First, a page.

By 1799 even the government realised that it could not continue for much longer. On the 9th November Napoleon began a coup that replaced the Directory with the Consulate and effectively brought the French Revolution to an end, ten years after it began.

The French Revolution: The Directory

This A Level and IB History revision podcast charts the rise and fall of the Directory from 1794 to 1799.  Beginning with the execution of Robespierre, the Thermidorean Reaction and the onset of the White Terror, it goes on to explore the terms of the Constitution of Year III.  The challenges to the Directory are described, and the government’s various failures and successes are explained.   The episode finishes with Napoleon and the Coup of Brumaire.

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The Directory and Napoleon

Napoleon crowns himself Emperor

The rise of Napoleon to become Emperor of the French

On the 2nd December 1804, Napoleon Bonaparte crowned himself Emperor of the French at Notre Dame Cathedral in Paris. His coronation was attended by Pope Pius VII, but significantly he did not place the crown on the new Emperor’s head.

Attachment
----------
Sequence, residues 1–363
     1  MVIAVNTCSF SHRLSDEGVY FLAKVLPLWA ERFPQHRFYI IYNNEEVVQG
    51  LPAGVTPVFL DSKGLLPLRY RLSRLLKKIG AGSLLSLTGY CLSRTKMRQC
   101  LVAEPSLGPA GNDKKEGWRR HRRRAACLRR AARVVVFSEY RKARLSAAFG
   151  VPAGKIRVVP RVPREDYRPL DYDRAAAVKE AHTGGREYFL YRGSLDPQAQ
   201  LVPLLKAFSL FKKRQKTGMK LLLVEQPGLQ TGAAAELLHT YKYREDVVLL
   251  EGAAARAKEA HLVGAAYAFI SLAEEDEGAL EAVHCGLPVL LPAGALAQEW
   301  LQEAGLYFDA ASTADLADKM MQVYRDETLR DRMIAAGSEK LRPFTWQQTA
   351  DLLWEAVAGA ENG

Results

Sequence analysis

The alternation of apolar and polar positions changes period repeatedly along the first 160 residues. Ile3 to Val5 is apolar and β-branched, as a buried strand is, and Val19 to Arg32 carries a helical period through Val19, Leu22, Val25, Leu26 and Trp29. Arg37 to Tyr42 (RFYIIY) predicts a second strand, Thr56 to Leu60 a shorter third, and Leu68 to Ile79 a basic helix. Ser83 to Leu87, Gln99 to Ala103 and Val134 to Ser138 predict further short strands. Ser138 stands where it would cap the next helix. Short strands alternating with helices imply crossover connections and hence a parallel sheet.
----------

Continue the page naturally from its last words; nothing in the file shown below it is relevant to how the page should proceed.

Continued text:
Napoleon had risen to prominence during the French Revolution, during which he led a number of successful campaigns in the Revolutionary Wars. He returned to France in 1799, where the coup of 18 Brumaire resulted in him becoming First Consul. Having secured the Senate’s agreement that he could rule by decree, Napoleon then began extending his political control.

In January 1804 the secret police exposed a plot supported by the previous Bourbon royal family to assassinate Napoleon. He used this as an excuse to reinstate hereditary leadership under his own family, as a way to avoid a return of the Bourbons. This was supported by a constitutional referendum in November that year, in which over 99% of voters cast their ballots in favour. Notably 52% of the eligible population abstained.